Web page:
Indeed, as its stars kept departing the show and replacements took their slots, it became more and more apparent that the real star of "ER" was the ER itself and that the room had been transfigured from a literal emergency room into a metaphor of crisis where every triumph is temporary because it is inevitably followed by another disaster -- actually dozens of disasters. It also became apparent that those who stayed in the ER and kept facing the carnage there were condemned. ...
The character who may have most embodied the damage inflicted by the ER is Dr. John Carter (Noah Wyle), who early on was the audience's primary point of identification and whose tenure on the program neatly traces the thematic trajectory of "ER" from its early nobility to its later futility. When the show began, Carter was a wealthy, fresh-faced intern, an idealist who cared so much about each and every patient that he could barely cope with tragedy. As seasons passed, Carter not only honed his medical skills, eventually becoming a great technical doctor, but he also learned how necessary it was to inure himself to much of what he sees. He is a great doctor because he feels. But he can function as a doctor only when he ceases to feel so much.... To regain his idealism and recalibrate his feelings, he leaves the hospital to work in sub-Saharan Africa and even falls in love and gets married, but there is a sense that he has been so brutalized by the ER that he will never be what he once was. Unlike so many other denizens of the ER, he cannot move on.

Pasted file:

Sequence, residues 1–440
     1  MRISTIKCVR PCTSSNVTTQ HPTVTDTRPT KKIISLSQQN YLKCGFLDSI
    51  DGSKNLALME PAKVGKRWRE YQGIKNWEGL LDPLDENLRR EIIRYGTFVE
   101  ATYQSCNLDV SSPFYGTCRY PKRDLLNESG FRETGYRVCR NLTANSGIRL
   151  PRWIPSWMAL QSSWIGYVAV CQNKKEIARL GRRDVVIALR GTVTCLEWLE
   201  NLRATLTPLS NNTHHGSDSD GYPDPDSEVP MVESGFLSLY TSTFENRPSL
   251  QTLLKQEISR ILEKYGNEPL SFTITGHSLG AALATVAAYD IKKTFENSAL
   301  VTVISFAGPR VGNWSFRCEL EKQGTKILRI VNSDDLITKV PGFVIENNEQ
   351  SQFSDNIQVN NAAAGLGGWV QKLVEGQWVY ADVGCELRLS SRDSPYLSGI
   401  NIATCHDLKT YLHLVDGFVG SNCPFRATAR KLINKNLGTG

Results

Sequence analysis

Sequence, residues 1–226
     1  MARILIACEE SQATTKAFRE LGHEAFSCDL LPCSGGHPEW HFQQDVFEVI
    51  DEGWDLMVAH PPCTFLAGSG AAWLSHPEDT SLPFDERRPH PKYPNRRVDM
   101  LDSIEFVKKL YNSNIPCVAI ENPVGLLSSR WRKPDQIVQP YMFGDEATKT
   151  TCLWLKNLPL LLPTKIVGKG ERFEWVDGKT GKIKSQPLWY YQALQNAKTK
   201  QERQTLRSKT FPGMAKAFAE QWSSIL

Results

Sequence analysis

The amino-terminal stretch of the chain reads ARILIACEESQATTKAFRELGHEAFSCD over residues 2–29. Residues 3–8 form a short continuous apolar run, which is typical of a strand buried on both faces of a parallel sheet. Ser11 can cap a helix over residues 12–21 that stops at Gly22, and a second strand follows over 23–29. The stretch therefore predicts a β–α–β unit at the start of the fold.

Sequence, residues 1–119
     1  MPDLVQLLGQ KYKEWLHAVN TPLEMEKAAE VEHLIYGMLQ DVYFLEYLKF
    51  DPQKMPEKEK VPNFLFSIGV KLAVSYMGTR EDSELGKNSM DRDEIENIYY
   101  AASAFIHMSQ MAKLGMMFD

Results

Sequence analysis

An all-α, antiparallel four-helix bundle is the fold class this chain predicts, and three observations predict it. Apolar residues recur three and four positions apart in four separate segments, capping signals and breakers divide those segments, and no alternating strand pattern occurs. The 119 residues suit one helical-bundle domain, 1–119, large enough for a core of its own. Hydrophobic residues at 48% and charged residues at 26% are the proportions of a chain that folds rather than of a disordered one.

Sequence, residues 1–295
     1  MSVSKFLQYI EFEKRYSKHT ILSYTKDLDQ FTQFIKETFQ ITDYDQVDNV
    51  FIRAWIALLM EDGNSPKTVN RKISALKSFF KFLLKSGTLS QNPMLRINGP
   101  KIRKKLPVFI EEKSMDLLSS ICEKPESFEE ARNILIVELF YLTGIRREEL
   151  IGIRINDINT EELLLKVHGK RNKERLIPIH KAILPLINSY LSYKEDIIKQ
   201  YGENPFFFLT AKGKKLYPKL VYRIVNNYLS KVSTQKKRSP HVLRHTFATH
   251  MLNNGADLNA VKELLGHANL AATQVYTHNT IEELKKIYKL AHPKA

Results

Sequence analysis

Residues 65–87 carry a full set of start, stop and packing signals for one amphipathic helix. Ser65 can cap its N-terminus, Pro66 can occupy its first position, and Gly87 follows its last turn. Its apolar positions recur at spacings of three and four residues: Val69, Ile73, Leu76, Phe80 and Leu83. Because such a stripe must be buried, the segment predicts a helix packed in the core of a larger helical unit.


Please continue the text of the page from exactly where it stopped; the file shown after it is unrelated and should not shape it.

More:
The second name on my list? Bill Cosby, who has now been announced as the 2009 honoree. The ceremony will be held in October, to be televised later on PBS.